# Factorization using the Elliptic Curve Method

Get the source code!

Applet configuration parameters

See factorization records

If your Web visualization program accepts cookies, you can complete the factorization of a large number in several sessions. Your computer will remember the state of the factorization. You only have to reload this page.

The execution time depends on the magnitude of the second largest prime factor and on your computer speed.

Since all calculations are performed in your computer, you can disconnect it from the Internet while the factorization is in progress.

You can also enter expressions that use the following operators and parentheses:

• - for subtraction
• * for multiplication
• / for integer division
• ^ for exponentiation
• n!: factorial
• p#: primorial (product of all primes less or equal than p).
• B(n): Previous pseudoprime to n
• F(n): Fibonacci number Fn
• L(n): Lucas number Ln = Fn-1 + Fn+1
• N(n): Next pseudoprime to n
• P(n): Unrestricted Partition Number (number of decompositions of n into integer summands without regard to order).

The pseudoprime tests used in functions B and N includes trial division by the 100 first primes and then up to 20 Rabin-Miller strong pseudoprime tests. So it has a very high probability to find a prime number.

The final value must have 10000 or fewer digits, intermediate results must have 20000 or fewer digits and in the case of divisions, the dividend must be multiple of the divisor.

The next table shows the optimal values of B1 given the number of digits of the factor and the expected number of curves using that limit. These values are averages.

Optimal values of B1 and expected curves
DigitsValues of B1Expected curves
15200025
201100090
2550000300
30250000700
351 0000001800
403 0000005100
4511 00000010600
5043 00000019300
55110 00000049000
60260 000000124000
65850 000000210000
702900 000000340000

The program runs 25 curves with limit B1 = 2000, 300 curves with limit B1 = 50000, 1675 curves with limit B1 = 1000000 and finally it uses curves with limit B1 = 11000000 until all factors are found.

## Factoring Cunningham numbers

If the number to be factorized has the form ab ± 1 (Cunningham form) or if it is a Fibonacci or a Lucas number, the program finds all algebraic and Aurifeuillian factors before using ECM.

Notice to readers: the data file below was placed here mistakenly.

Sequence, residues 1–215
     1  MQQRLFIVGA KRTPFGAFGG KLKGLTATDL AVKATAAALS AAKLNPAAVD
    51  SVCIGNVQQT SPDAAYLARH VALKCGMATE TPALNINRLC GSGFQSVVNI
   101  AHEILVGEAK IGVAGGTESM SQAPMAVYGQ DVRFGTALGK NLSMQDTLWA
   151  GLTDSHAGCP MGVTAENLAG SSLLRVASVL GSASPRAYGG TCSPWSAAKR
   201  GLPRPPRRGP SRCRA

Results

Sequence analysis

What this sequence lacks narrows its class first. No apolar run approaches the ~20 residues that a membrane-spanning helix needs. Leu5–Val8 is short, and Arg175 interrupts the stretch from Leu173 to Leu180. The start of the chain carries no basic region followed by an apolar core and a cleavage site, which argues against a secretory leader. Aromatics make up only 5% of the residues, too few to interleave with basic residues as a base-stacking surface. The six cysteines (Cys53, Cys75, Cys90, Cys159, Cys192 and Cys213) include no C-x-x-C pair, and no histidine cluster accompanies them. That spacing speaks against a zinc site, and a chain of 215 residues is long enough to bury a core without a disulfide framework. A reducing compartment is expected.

When the checkbox named Use Cunningham tables on server is enabled, the applet requests to the server known factors greater than 109, then it attempts to complete the factorization.

The sources of the data stored on the server are:

## Factoring a number in several machines

The ECM factoring algorithm can be easily parallelized in several machines. In order to do it, run the factorization in the first computer from curve 1, run it in the second computer from curve 10000, in the third computer from curve 20000, and so on. In order to change the curve number, just type this number on the bottom-left input box and press Enter or click on the New Curve button.

When one of the machines discovers a new factor, you should enter this factor in the other computers by typing it in the bottom-right input box and pressing Enter (or clicking the Factor button).

## Batch factorization

Put an expression per line, then press the appropiate button. The output will be placed in the lower pane.

Blank lines or comment lines (which start with a numeral '#' character) will be replicated on the lower pane.

Expression loop: with the following syntax you can factor or determine primality of several numbers typing only one line. You have to type four expression separated by semicolons:

• First expression: It must start with the string 'x=' and it sets the first value of x.
• Second expression: It must start with the string 'x=' and it sets the next value of x. It can include the variables 'x' (the variable) and 'i' (the counter).
• Third expression: It holds the end expression condition. If it is greater than zero the loop finishes, otherwise the loop continues. It can include the variables mentioned above.
• Fourth expression: It holds the expression to be factored. It can include the variables mentioned above.

Example: Find the factors of the first 100 numbers of the form prime minus one. The line to type is: x=3;x=n(x);i-100;x-1.

## Factoring using the Self Initializing Quadratic Sieve (SIQS)

When the number to be factorized is in the range 31-90 digits, after computing some curves in order to find small factors, the program switches to SIQS (if the checkbox located below the applet enables it), which is an algorithm that is much faster than ECM when the number has two large prime factors. Since this method needs a large amount of your computer's memory, if you restart the applet the factorization begins from scratch. In order to start factoring immediately using SIQS, you can enter 0 in the New Curve box.

 Digits Curve 31-35 36-40 41-45 46-50 51-55 56-60 61-65 66-70 71-75 76-80 81-85 86-90 5 8 15 25 27 32 43 70 150 300 350 600

If you want to know the mathematics behind the computation of the sum of squares, click here.

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